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All eyes are on the Nov. 3 general election, and rightly so, as nearly 200,000 voters in Bexar County cast votes in the first week of early voting. But a critical challenge to the future governance of CPS Energy looms large and merits our undivided attention now, long before the May 2021 City election.
A Recall CPS petition drive launched in August by the Save Our Power Political Action Committee likely will achieve its goal of 20,000 qualified signatures needed to seek significant change to the San Antonio City charter. Organizers want voters to approve a charter amendment that would eliminate the municipally owned electric and gas utility’s five-person governing board and make CPS Energy a City-managed enterprise.
Read this August article by Senior Reporter Brendan Gibbons for more detail on the petition drive and its coalition of backers.
The same ballot initiative, if passed, would require CPS Energy to eliminate coal, which now accounts for 18 percent of the utility’s energy-generating portfolio, by 2030 and all fossil fuel use by 2040.
In the memorable and somewhat chilling words of the Sierra Club’s Darby Riley, who is said to have authored the petition language, activists seek to “decapitate” the utility’s leadership structure. The petition drive comes after months of unsuccessful talks between multiple grassroots groups and CPS Energy management.
There are multiple dimensions to the standoff between those pushing the petition and CPS Energy officials, who are garnering the support of City leaders and the business community. Such backing, while important, is probably irrelevant in a petition drive. Ratepayers might be smart not to pick sides just yet, while studying the underlying issues and considering the possibility still of renewed negotiations rather than an election day showdown.
The risk vs. reward equation here is significant. Unintended consequences often result in such showdowns. One only has to look back a few years to the prolonged standoff between the City and the firefighters union to see how union officials used petition drives to hijack City Council authority in setting compensation for the city manager even as they failed to limit the council’s ordinance-making power.
Friday’s news that Fitch Ratings, one of the three major national bond rating agencies, had downgraded its outlook for CPS Energy should give all sides pause. For all its faults, real and perceived, CPS Energy is the nation’s largest municipally owned energy utility, recognized for its record of reliability and stable rates. It has been six years since ratepayers have faced a rate increase, although utility officials will ask City Council to approve one in 2021.
The AAA financial performance of CPS Energy is key to the City, which receives nearly one-third of its operating budget from the profitable utility. This year that contribution is expected to exceed $325 million, even as CPS Energy and SAWS both struggle with multimillion-dollar revenue shortfalls resulting from tens of thousands of residential and commercial customers who have ceased payment amid the coronavirus pandemic.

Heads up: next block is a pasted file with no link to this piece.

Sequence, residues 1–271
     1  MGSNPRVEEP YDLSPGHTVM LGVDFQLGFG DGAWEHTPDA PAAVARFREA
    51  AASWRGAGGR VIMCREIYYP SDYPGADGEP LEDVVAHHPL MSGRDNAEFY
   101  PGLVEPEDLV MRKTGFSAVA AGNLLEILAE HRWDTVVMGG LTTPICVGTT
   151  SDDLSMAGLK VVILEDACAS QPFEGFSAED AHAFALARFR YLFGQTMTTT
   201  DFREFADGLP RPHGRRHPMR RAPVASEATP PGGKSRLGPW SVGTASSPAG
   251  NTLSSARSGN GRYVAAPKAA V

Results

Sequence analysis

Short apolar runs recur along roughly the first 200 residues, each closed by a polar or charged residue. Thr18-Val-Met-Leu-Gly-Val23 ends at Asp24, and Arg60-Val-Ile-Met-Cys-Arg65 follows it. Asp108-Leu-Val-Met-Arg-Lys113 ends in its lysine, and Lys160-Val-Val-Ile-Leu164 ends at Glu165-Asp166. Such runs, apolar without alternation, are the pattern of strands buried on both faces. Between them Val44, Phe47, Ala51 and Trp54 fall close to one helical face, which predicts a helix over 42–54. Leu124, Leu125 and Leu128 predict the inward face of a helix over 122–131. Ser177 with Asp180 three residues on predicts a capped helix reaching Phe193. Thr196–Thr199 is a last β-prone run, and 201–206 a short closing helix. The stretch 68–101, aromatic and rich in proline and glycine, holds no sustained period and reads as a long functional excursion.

Neither utility is cutting off service to those customers, but how long they can continue to absorb such losses will be a serious issue come 2021.
CPS Energy officials believe that the utility’s Flexible Path plan prudently balances the need to move from carbon-generated power to clean renewables in the coming decades. Activists disagree and want to accelerate the closure of fossil fuel plants.
The CPS Energy board is made up of representatives from four quadrants of the city and the mayor. The board selects its own trustees whenever vacancies occur, which critics see as a backroom legacy that leaves the board unaccountable to ratepayers. Supporters see the board as free of politically appointed individuals. A CPS Energy spokesperson correctly pointed out that the application process is open to the public and that City Council votes on the nominees, but that doesn’t negate the insider tradition of trustee selection.
Activists and the media have been frustrated with CPS Energy for using state law to limit public access to its inner workings, including any existing calculations of how rates and the utility’s financial profile would be affected by earlier closure of the fossil fuel plants.
Petition drives are no-confidence votes in local government and leadership. They put power directly in the hands of voters, but not necessarily in a way that reflects the nuances and complexities of governance. There is no room for compromise in a yes or no ballot vote. San Antonio’s leaders and activists can avoid the possibility of a serious self-inflicted wound that could negatively impact the community for decades by finding their way back to the negotiating table now before it is too late.
An earlier version of this column incorrectly stated that the mayor does not have a vote on the CPS Energy board. The mayor holds the ex officio seat and does have a vote.
CPS Energy is a financial supporter of the San Antonio Report. For a full list of business members, click here.